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From "Tom hobbs" <tvho...@googlemail.com>
Subject Re: JUnit vs. jtreg (Was: Build failed in Hudson: River-trunk #163)
Date Sun, 26 Apr 2009 07:23:55 GMT
Hi guys,

Sorry for my recent silence.

These jtreg doo-hickeys sound like the QA tests to me.  They're something  
we're inherited and not really sure what to do with them, so I suggest we  
treat them like the QA tests.

Assuming it's not too difficult, lets get running the jtregs as part of  
the build.  As River functionality is added/changed and individual jtregs  
start breaking whoever made the change should assume that it's their  
responsibility to modify or remove the jtreg (and QA test) as appropriate.

Meanwhile, new code gets junit tested.

Thoughts?

Also, +1 Java 5.  (Java 6 I can take or leave).

Cheers,

Tom



On Sat, 25 Apr 2009 11:50:10 -0000, Peter Firmstone <jini@zeus.net.au>  
wrote:

> I hear you.
>
> How about we step back, postpone making a decision until we better  
> understand just what we've inherited then weigh up the pro's and con's?  
> I haven't seen anyone in a hurry to write junit tests yet, a little wait  
> while we investigate jtreg can't do any harm? ;) It took me about 1 hour  
> to download, install and get jtreg running, having never heard of it  
> before, the tests themselves seem simple, remember I'm one of your new  
> developers.
>
> I'm going to sit on the fence for now have a play and write test cases  
> for ClassDep using both tools for my own understanding.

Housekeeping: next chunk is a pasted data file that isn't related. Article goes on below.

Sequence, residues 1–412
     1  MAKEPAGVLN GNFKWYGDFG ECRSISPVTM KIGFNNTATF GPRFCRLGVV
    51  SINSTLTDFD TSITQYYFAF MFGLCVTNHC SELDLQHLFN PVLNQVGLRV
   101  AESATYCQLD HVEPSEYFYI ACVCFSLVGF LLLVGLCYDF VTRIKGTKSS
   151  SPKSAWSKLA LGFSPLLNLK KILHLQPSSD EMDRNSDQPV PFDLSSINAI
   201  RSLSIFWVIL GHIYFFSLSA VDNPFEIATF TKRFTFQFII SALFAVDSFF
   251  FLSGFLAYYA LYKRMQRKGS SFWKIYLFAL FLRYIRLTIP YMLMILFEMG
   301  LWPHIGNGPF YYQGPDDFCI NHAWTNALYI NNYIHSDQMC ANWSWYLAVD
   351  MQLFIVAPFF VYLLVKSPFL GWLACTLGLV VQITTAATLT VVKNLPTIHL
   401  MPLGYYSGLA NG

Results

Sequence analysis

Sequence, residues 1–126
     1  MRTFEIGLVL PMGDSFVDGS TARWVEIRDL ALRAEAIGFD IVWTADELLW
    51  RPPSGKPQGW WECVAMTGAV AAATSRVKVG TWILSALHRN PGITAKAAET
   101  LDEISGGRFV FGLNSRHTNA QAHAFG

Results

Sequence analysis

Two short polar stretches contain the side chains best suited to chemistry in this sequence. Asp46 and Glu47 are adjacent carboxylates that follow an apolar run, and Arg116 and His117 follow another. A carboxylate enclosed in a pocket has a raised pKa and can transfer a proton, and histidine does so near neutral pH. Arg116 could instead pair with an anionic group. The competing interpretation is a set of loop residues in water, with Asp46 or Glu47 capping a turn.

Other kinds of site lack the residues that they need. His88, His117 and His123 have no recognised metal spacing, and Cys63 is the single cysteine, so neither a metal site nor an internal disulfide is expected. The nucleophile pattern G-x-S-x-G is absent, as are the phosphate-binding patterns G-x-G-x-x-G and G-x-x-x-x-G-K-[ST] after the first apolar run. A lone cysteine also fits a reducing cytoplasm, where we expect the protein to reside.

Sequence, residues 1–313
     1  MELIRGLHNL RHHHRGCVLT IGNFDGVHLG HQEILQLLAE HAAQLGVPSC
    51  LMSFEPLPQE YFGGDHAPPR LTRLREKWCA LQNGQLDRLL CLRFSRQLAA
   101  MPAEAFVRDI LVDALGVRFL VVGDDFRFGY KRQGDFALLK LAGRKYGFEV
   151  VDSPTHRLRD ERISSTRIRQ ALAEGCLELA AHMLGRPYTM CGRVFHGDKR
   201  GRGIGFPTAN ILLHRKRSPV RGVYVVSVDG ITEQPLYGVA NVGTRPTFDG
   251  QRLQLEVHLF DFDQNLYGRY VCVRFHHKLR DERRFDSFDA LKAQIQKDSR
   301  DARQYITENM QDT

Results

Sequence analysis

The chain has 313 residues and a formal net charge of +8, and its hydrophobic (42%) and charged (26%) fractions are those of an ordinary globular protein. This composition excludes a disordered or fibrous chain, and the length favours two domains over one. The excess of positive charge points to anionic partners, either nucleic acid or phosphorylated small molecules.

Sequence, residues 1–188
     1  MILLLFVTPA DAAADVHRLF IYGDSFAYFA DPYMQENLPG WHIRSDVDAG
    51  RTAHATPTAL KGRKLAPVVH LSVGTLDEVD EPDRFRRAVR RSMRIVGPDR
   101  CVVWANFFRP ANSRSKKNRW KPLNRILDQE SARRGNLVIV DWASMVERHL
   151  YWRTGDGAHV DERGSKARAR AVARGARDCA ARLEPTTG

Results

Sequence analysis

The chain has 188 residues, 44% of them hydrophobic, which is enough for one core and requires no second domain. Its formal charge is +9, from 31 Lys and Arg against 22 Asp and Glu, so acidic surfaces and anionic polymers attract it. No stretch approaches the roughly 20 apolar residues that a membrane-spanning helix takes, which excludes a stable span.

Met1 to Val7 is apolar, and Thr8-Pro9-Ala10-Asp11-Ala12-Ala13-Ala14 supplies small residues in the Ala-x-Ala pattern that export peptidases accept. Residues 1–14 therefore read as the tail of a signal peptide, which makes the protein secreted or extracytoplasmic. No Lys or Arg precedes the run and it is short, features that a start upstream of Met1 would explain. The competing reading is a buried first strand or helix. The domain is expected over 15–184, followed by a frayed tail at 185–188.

>
> We're going to have to get to know jtreg to make an informed decision,  
> here's some info:
>
> All tests are placed in the directory tree under qa/jtreg/
>
> Ant can be used to run all tests, I'll post the build.xml file after I  
> write it.
>
> The following I've copied from the jtreg website:
>
> Ant Examples:
>
> <jtreg dir="test/tools/javac"/>
>
> Run all the tests in the test/tools/javac directory, using the same JDK  
> being used to run Ant, the default work and report directories, and  
> running each test in a separate VM.
>
> <jtreg dir="test/tools/javac" workDir="myWorkDir"/>
>
> As before, but specifying a work directory for the results.
>
> <jtreg dir="test/tools/javac" workDir="myWorkDir">
>     <include name="api/*.java" />
> </jtreg>
>
> Run just the api/*.java tests.
>
> <jtreg>
>     <arg line="-w myWorkDir -jdk /java/jdk/1.5.0 test/tools/javac">
> </jtreg>
>
> Run the test/tools/javac tests using /java/jdk/1.5.0 writing the results  
> to myWorkDir.
>
> 2. Writing a JDK Regression Test
> 2.1. How do I write a test?
>
> The simplest test is an ordinary Java program with the usual static main  
> method. If the test fails, it should throw an exception; if it succeeds,  
> it should return normally.
>
> Here's an example:
>
>                             /* @test 1.1 97/10/12
>                                @bug 1234567
>                                @summary Make sure that 1 != 0
>                             */
>